Lockheed Martin expects fewer F-35 deliveries than planned in 2022

Lockheed Martin expect that it will deliver fewer F-35 Lightning II fighters than planned to domestic and international customers through 2022, as an ongoing rebaselining of the programme looks set to continue for some time to come.

Speaking during a July 27 webcast detailing the company’s first-half performance for 2021, senior officials detailed that 2022 would see the delivery of more than the expected 139 aircraft this year but fall short of the target for the next calendar year.

USAF F-35s
To date, nine nations operate F-35s on their home soil with more than 655 aircraft in service today. USAF/Senior Airman Keifer Bowes

Kenneth Possenriede, chief financial officer at Lockheed Martin, stated it was “highly likely” that deliveries of the F-35 in 2022 would fall short of the planned 169, but would “not be less” than the total handovers for 2021.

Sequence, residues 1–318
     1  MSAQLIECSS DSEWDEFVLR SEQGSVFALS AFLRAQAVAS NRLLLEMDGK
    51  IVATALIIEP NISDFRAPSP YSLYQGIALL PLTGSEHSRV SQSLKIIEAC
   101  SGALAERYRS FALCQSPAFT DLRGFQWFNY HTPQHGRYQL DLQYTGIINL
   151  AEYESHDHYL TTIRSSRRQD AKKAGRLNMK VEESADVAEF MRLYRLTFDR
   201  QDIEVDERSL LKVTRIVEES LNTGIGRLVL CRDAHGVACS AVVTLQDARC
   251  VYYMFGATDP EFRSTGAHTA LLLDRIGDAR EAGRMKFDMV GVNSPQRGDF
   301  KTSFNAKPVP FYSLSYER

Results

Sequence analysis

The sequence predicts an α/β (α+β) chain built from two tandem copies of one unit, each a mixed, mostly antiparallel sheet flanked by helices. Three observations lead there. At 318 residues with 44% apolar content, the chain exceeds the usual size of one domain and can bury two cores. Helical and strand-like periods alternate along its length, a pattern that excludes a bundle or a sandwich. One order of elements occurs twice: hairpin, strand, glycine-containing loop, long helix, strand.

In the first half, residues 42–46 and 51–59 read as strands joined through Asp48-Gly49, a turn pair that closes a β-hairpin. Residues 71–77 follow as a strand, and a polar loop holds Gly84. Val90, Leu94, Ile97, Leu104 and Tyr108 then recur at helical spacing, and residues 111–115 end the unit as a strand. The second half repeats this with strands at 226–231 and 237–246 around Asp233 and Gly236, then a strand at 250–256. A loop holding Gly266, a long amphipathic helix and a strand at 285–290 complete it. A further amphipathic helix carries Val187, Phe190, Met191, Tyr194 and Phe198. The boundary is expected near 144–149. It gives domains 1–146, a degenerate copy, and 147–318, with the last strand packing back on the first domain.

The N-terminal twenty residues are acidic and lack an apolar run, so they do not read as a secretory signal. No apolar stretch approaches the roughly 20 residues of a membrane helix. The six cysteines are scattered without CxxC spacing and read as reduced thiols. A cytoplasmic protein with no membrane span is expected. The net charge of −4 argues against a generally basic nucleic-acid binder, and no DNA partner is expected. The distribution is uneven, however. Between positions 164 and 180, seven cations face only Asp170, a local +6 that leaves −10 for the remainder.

Possenriede confirmed that the rebaselining of the programme would continue for another “two or three years”, after which the programme would plateau at 170 F-35 deliveries per year.

Further, Possenriede said efforts to continue to drive down the operating cost of the aircraft towards the US$25,000 per-flight-hour were ongoing. Regarding platform acquisition costs, it was expected that the carrier-based C-variant and short take-off, vertical landing (STOVL) B-variant “will stay where it is” or possible reduce as the programme matures.

However, the price of the A-variant could see a “modest” increase in price as additional capabilities are sought by operators.

The second quarter of 2021 also saw the F-35 selected by Switzerland to meet its next-generation fighter requirement, becoming the fifteenth country to join the F-35 programme of record, joining several European current or future operators including the UK, Netherlands, Norway, Italy, Belgium, Poland and Denmark.

An intensely fought programme saw the fifth-generation stealth fighter competing against the pan-European Eurofighter, France’s Dassault Rafale and Boeing’s F/Z-18 Super Hornet, which would replace Switzerland’s ageing fleet of F/A-18 Hornets. The F-35 is also a contender for Finland’s future fighter programme, as well as that of Canada.

By Richard Thomas